For all its potential to increase safety, electronic logging has also introduced its own set of safety concerns to which the industry has had to adapt. Farnsworth noted that ELD messaging features in particular can create distractions that could result in violations, not to mention serious safety issues. But following standard guidelines should make these easy to avoid, he said:
“Many of these devices have the ability to send messages to the driver from the carrier, much like texting. This can be a distraction to the driver, but even stopping on the shoulder of the interstate to check their messages causes great concern. Officers are required to stop and conduct a welfare check on these busy highways. It also creates a hazard for the public driving around these large stopped vehicles. Making good decisions on when and where to check messages is very important.”
Electronic Logs Affect the Officer, Too
We know recording hours electronically changes a driver’s process, but e-logs also impact how officers conduct roadside inspections – which has brought about some challenges.
“Electronic logs have caused several safety issues for law enforcement officers,” Sgt. Farnsworth explained. “When a commercial vehicle is stopped roadside the only way to check hours of service is to enter the truck, or stand on the running board to see the monitor. With traffic passing at highway speeds this is an obvious officer safety concern, we see many ‘move over’ roadside inspection violations here.”
The more mindful drivers are of these factors, the less challenging electronic logs will be for drivers and officers alike, making inspections faster.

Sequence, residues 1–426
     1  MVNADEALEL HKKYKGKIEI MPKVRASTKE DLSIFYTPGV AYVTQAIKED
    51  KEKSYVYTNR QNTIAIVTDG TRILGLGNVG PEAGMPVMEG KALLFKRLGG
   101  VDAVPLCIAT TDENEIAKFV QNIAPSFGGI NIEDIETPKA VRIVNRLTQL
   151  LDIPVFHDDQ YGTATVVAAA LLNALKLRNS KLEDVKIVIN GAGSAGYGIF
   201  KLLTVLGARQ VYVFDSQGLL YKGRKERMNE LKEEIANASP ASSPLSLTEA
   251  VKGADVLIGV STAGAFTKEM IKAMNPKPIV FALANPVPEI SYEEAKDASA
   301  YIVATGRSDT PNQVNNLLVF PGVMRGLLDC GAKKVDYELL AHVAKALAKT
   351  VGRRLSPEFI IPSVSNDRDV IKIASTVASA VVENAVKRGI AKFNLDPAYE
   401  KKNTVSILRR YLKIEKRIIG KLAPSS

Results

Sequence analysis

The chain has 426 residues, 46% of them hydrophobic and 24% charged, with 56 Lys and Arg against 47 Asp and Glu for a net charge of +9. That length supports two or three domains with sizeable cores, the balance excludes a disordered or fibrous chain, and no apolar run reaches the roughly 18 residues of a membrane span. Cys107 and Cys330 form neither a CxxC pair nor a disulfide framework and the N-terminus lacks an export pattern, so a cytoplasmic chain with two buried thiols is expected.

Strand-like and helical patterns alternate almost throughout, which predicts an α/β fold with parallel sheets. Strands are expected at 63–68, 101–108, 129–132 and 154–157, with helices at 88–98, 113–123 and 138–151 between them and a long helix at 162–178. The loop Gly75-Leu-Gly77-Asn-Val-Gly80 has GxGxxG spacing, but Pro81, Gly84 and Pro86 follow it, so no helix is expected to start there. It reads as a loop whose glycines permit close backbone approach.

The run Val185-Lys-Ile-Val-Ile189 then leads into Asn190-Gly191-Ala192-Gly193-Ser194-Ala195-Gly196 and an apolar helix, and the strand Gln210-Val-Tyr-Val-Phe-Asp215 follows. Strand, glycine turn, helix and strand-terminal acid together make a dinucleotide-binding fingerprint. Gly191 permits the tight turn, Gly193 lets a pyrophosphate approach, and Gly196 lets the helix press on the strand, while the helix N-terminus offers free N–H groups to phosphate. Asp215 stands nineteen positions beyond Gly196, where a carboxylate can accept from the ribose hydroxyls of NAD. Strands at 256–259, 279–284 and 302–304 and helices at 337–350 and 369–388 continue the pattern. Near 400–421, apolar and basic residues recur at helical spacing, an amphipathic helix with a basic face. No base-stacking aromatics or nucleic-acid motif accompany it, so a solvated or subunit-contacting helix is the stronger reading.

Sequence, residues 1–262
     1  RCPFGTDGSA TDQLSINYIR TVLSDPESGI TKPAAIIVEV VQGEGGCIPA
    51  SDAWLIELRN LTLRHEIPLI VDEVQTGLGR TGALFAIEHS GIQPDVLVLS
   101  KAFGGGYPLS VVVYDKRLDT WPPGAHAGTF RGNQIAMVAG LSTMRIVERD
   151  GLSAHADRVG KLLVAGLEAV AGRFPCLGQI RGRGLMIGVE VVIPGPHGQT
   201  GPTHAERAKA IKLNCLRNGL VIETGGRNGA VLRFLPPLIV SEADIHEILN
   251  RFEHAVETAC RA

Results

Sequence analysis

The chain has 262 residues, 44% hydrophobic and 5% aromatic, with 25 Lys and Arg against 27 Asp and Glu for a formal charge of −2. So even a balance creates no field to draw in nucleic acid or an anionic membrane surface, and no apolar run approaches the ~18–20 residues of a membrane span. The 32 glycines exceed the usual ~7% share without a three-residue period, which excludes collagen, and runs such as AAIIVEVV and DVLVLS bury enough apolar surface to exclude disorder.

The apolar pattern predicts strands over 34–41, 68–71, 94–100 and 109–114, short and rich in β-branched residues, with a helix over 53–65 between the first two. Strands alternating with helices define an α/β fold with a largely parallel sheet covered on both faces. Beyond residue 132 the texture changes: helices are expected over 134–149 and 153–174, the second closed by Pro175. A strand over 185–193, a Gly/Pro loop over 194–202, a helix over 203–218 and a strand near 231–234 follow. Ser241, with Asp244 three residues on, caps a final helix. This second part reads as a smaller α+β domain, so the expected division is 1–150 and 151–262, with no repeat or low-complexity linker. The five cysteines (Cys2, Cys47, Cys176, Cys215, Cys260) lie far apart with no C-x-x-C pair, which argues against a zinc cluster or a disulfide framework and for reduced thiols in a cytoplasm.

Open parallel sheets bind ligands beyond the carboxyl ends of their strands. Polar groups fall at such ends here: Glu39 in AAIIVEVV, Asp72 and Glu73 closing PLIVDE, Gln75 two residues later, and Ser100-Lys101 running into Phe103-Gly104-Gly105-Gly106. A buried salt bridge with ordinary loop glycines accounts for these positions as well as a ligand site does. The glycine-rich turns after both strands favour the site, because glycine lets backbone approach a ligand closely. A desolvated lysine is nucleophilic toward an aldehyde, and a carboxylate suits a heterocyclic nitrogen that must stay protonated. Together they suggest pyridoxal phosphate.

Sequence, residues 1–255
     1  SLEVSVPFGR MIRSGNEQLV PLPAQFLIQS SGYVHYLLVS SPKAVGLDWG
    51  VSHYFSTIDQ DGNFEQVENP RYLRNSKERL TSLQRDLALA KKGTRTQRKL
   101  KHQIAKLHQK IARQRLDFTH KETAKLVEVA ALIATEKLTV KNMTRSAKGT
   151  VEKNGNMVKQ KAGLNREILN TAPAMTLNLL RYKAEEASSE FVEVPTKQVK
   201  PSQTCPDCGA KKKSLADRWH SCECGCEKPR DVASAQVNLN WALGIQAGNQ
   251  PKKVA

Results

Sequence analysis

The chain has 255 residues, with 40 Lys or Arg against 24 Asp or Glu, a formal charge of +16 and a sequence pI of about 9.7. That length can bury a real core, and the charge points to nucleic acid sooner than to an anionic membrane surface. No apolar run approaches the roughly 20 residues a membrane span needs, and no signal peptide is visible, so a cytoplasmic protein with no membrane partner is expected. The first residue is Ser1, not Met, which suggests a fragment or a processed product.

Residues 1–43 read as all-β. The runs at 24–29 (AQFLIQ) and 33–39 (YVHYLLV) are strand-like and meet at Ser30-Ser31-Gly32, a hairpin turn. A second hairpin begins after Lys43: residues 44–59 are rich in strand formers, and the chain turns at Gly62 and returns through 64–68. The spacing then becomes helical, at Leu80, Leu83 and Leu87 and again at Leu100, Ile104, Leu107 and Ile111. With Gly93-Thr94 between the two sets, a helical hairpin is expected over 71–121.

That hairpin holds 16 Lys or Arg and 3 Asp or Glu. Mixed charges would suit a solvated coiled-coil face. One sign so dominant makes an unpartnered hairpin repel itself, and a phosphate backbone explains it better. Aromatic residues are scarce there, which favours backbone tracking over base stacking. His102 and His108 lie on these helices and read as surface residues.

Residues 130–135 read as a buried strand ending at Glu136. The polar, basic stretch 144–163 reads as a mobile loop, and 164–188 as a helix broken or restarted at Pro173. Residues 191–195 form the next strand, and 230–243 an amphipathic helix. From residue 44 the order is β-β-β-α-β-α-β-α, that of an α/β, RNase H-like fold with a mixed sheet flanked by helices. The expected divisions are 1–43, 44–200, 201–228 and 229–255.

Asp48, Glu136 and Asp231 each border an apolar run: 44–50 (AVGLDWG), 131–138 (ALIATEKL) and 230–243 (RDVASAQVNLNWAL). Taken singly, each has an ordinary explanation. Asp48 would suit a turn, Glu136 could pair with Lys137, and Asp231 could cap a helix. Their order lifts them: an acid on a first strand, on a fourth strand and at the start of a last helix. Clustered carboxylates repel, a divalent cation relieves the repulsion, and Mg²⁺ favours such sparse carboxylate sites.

Stay Organized, Stay On Track
We asked Sgt. Farnsworth what advice he would give to a driver who already uses electronic logging on how to avoid roadside inspection violations and get through inspections quickly and successfully:
“The best advice law enforcement would give to a driver who uses electronic logs is to be organized and make sure they are properly trained on how to use the system and be prepared to assist the officer as needed. When drivers are organized and knowledgeable it adds to the professionalism of their craft, it also helps make the inspection go much more smoothly and creates a less stressful experience for the driver. Less time in a law enforcement vehicle means more time on the road.”
ELDs Make Everyone Safer
For all the necessary adjustments, Farnsworth said the ELD mandate, once fully in effect in 2017, will make drivers and officers much safer.
“The newer Electronic Logging Devices (ELDs) that will be mandated in the near future should be better for the roadside officer and professional driver,” he said. “It will make these traffic stops and inspections faster, safer, and more efficient for everybody involved, saving the motor carrier’s money and expediting freight movement across the nation.”
Roadside Inspection Heat Map
We recently created a heat map to show our drivers and fleet managers the places that are high-risk for roadside inspections. Unsurprisingly, most DOT roadside inspections usually happen around cities and major highways.
Keep this map handy to avoid roadside inspections.
Avoid Roadside Inspection Violations with KeepTruckin
ELDs and e-logs have multiple benefits for drivers as well as fleet managers. And one of those benefits is that you can easily get through inspections and avoid roadside inspection violations.
If you are still using paper logs, try the KeepTruckin electronic logbook app for free.
If you have any questions, contact our support team for further assistance.